How Perfect Can You Be?
Michael is a successful business owner who came to coaching because he felt he was doing something wrong, even though his business was doing well. He had a persistent underlying feeling of being a failure, even though all the evidence pointed to the contrary.
Michael began by saying that he’s always believed that “If something is worth doing, it’s worth doing right.” When I asked, “What does ‘right’ mean?” he said it means that everything has to be perfect. Always! All the time!
It turned out that Michael came from a family in which his parents’ standards were beyond reach and reason. They were never satisfied with anything he did. If his school grades were all A’s and an A minus, the focus was immediately on why there was a minus. If he missed a catch in football, his father would yell, embarrass him in front of his team, and make him practice for hours. When he was young Michael was always in a no-win situation where nothing he did was ever good enough.
Consequently, Michael now sees mistakes as evidence that he is incompetent and unworthy, and feels that only perfection will gain him the love, respect, approval and acceptance he so badly wants. As a result he drives himself to exhaustion and still doesn’t feel the sense of success and fulfillment he craves.
The reality is that there is no such thing as perfection. We are all human, with strengths and weaknesses. Nobody is excellent at everything, and trying to be perfect can be emotionally, mentally and physically exhausting. Ironically, striving for perfection is often a set up for failure.
Michael believed that the only way he could be successful was to be a perfectionist. However, when we compared perfectionists with healthy achievers, he saw that achievers accomplish just as much as perfectionists, and also avoid many of the negatives that he was experiencing.
Perfectionist or Achiever
Some of the differences between perfectionists and healthy achievers are:
- Perfectionists see mistakes as evidence of unworthiness, while achievers see mistakes as opportunities for learning and growth.
- Perfectionists feel they are only valuable and lovable if they are performing perfectly, while achievers know that their value as a human being is not measured by how perfectly they perform.
- Perfectionists are often preoccupied with fear of failure and disapproval (which can cause procrastination, not finishing a project, and constant self-devaluation) while achievers feel normal anxiety but don’t let it turn into fear.
- Perfectionists never allow others to see that they don’t know something, while achievers happily admit they have much to learn and are open to learning from others.
- Perfectionists often become overly defensive when criticized, while achievers appreciate helpful, constructive criticism.
- Perfectionists set unreasonable standards while achievers set standards that are high, but achievable.
- Perfectionists focus only on the goal and are never satisfied by anything less than perfection, while achievers enjoy the process as well as the outcome.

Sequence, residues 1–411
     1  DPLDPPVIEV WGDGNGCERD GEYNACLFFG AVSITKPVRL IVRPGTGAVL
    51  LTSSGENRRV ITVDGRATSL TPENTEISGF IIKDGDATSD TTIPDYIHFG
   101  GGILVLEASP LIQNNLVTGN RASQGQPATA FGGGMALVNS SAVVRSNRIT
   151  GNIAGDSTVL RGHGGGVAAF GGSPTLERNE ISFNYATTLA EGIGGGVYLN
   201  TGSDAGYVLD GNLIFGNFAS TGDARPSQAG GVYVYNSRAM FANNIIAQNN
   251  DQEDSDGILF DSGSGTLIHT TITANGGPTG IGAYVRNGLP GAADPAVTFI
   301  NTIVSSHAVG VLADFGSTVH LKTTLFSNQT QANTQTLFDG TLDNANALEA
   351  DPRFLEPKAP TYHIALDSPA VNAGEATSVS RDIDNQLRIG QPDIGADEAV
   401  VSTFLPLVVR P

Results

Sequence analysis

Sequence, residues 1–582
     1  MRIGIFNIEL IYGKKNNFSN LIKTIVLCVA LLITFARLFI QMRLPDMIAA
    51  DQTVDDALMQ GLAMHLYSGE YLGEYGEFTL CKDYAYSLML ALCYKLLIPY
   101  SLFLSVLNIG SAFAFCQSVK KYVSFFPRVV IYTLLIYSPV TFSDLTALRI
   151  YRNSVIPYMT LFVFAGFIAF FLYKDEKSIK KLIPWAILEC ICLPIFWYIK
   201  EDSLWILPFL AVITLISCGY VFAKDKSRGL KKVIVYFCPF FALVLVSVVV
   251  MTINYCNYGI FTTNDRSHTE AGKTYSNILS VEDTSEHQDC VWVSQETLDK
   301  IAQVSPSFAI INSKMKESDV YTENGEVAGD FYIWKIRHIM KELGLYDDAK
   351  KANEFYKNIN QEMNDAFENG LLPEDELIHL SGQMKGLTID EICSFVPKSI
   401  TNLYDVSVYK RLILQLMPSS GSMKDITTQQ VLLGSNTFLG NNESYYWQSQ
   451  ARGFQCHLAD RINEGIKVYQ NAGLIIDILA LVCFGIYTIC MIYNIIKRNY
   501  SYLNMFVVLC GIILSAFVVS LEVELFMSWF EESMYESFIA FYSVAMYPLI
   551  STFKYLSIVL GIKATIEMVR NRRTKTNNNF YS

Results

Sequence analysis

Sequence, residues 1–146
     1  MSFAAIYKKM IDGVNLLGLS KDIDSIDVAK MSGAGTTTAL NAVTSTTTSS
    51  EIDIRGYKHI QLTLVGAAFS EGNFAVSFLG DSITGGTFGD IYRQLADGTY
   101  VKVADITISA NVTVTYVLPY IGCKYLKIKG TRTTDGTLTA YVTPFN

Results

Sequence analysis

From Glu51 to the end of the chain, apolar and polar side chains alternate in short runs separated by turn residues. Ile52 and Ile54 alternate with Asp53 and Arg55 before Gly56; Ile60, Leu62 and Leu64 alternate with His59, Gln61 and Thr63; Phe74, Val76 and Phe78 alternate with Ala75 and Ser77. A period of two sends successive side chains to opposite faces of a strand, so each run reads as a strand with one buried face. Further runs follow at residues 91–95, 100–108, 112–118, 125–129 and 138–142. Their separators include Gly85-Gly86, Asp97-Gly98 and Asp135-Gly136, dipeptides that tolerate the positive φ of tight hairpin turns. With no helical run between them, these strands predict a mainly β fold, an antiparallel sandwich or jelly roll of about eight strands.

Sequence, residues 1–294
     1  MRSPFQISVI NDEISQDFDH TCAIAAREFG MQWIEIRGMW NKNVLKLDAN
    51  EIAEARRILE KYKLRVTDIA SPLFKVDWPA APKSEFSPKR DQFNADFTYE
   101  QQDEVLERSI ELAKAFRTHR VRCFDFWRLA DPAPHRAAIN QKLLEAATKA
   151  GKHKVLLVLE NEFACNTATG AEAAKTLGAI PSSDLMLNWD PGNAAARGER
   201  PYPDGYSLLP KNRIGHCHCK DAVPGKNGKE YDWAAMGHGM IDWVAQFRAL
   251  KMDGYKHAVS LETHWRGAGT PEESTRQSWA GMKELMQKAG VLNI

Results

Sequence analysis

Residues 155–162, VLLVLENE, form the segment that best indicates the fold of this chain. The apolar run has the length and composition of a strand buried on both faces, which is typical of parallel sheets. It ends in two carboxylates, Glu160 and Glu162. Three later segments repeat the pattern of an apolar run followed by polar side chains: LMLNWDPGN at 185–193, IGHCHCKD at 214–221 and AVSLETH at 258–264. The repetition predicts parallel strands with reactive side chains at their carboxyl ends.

What You Can Do
Once Michael became aware of how his perfectionism was depleting his energy, causing him to feel depressed and interfering with his relationships, he decided it was time to make some changes in how he approached his life. He began by:
- Ø Making a list of the benefits and consequences of trying to be perfect. He realized that although his business was successful, relationship problems, low self-esteem, compulsive behaviors, anxiety, feelings of inadequacy, depression, and workaholism were also the results of his perfectionism.
- Ø Listing all the things he likes about himself, and realizing that he has much value as a human being, even when he isn’t producing a perfect result. He realized that he is lovable because of who he is, not only because of what he does.
- Ø He began to be more realistic about what he can and cannot do. Instead of setting unreasonable goals and then beating himself up because he doesn’t achieve them, he set more realistic goals, which he can achieve and be proud of.
- Ø He changed his view of criticism, to see that it is usually not a personal attack, and therefore does not have to be met with defensiveness. His focus now is to take criticism objectively and appreciate the lesson. He also realized that criticism isn’t about his value as a human being, and that someone can objectively criticize something he’s done and still accept and respect him.
- Ø He realized that if he stops making mistakes he will stop learning and growing, so he changed his definition of mistake from ‘failure’ to ‘growth opportunity’.
Michael is now allowing himself to experience the joy of achieving without negatively judging everything he sees as imperfect. He is also being more supportive and less demanding in his relationships with others. He has been surprised to see that others actually like and respect him more now that he is not so driven, and he feels happier and more fulfilled in every area of his life.
If you are a perfectionist, you may want to ask yourself what toll it’s taking on you, and if being an achiever might actually help you accomplish more and feel better about it.
It’s something to think about.
Please comment so others can benefit from your wisdom and experience.
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